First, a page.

Race-Day Guide for the Ironman 70.3 World Championships

Bike Fueling

As you begin the bike leg by cycling up and out of the Lake Las Vegas complex, you'll have a steady climb for several minutes. You'll get tired during this climb if you're attempting to unwrap gels or chew on bars, especially with your heart rate already elevated from the swim. So unless you're using liquid fuel that you can easily sip in the first few minutes of the bike, try to throw down a gel or swig of liquid fuel as you move quickly through the swim-to-bike transition.

Once you're on the bike, drink water when thirsty (the amount will vary based on heat conditions of the day, but for most athletes, it comes out to 25 to 35 ounces per hour). Depending on your size, you'll be doing a gel every 20 to 30 minutes, or sips of a liquid fuel every 10 to 15 minutes.

I recommend breaking up gel or liquid monotony by including 50 to 100 calories of a chewable fuel sources at the end of each hour, such as a bar, jelly beans, chomps, or bloks. I personally am not a fan of the more sugary sources and especially for longer races prefer liquid fuels with fats and proteins combined with bars that aren't too sweet—but once again, do what works for you.

Continue fueling consistently the whole time, and do not go into bike-to-run transition hungry or thirsty, as you don't want to be worrying about eating and drinking as much during the run as you did on the bike.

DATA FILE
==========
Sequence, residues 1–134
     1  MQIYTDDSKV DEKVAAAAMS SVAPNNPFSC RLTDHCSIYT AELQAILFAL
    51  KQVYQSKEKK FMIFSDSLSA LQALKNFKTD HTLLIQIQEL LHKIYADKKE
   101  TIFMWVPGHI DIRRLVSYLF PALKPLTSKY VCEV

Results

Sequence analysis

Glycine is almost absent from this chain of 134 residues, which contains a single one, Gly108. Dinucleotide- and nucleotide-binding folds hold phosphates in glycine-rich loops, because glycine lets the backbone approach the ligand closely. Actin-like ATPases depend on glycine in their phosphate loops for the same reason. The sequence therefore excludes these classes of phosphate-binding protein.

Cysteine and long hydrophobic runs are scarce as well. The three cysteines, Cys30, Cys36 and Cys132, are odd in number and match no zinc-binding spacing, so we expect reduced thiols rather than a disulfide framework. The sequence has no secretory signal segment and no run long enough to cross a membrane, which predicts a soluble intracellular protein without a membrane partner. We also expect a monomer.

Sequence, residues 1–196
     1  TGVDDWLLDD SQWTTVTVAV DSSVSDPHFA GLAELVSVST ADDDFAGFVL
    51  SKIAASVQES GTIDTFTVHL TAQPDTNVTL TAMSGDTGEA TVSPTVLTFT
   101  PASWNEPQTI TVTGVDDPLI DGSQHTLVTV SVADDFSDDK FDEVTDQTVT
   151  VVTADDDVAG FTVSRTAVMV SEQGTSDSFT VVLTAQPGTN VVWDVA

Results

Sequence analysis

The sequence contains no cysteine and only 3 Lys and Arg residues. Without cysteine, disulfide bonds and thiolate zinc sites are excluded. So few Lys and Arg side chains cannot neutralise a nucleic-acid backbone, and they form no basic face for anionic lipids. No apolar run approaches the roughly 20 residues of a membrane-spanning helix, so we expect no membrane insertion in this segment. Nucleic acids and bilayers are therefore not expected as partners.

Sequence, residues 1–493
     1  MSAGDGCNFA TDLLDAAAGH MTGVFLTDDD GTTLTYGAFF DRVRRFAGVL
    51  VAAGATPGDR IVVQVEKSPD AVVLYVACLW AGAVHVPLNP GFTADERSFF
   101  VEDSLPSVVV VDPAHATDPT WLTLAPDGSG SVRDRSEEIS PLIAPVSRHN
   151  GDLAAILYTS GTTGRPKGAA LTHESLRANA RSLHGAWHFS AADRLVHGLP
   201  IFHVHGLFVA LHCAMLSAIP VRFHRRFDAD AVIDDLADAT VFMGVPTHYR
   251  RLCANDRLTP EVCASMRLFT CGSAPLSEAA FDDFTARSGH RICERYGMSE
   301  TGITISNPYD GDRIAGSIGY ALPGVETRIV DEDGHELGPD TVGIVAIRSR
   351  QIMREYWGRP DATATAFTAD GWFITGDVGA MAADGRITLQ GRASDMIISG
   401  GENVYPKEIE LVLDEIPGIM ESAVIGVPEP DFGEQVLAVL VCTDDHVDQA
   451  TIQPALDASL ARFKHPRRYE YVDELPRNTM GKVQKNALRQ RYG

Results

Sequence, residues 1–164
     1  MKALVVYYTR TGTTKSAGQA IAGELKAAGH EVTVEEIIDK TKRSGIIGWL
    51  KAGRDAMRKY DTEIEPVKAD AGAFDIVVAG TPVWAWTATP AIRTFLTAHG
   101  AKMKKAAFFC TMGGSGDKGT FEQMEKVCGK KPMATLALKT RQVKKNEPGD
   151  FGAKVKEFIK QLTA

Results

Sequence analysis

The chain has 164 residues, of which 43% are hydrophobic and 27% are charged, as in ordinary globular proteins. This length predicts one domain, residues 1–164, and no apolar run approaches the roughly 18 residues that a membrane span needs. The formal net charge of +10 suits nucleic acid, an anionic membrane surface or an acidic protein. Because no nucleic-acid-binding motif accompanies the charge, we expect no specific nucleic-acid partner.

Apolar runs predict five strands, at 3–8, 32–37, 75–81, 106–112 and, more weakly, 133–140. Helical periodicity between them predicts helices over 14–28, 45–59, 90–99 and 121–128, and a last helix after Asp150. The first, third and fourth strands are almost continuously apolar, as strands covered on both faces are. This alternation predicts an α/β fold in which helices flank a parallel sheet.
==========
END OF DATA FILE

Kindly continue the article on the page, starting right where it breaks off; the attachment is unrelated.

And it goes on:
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Bike Pacing

You'll probably find the most difficult sections of this race to be the climbing from Lake Mead Drive out to Northshore Road as you settle into your pace, and the entire section out to the Northshore Road turnaround.

Avoid big ego battles on the bike as impatient athletes attack hills and climb too hard for this section. Instead, attempt to avoid burning matches and getting to the point of an intense burn in your legs and lungs. You'll want this extra oomph for the climb out of Northshore Road before you take the right turn back onto Lake Mead drive, and for the long climb up into T2.

This is definitely a bike leg where going out too hard is going to leave you with no steam, especially for the final climb before the run.

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